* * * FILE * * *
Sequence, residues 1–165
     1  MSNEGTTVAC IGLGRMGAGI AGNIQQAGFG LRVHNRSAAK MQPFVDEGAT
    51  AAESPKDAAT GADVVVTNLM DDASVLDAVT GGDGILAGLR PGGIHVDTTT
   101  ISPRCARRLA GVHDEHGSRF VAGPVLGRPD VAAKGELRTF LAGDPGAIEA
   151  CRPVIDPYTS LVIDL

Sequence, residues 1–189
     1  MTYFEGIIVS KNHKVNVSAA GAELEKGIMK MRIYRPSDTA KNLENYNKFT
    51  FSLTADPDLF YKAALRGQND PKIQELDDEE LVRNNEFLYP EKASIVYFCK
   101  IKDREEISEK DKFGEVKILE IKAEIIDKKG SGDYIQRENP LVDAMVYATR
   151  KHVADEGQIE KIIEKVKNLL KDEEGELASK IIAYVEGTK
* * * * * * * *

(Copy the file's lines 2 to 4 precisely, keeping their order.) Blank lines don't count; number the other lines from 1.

     1  MSNEGTTVAC IGLGRMGAGI AGNIQQAGFG LRVHNRSAAK MQPFVDEGAT
    51  AAESPKDAAT GADVVVTNLM DDASVLDAVT GGDGILAGLR PGGIHVDTTT
   101  ISPRCARRLA GVHDEHGSRF VAGPVLGRPD VAAKGELRTF LAGDPGAIEA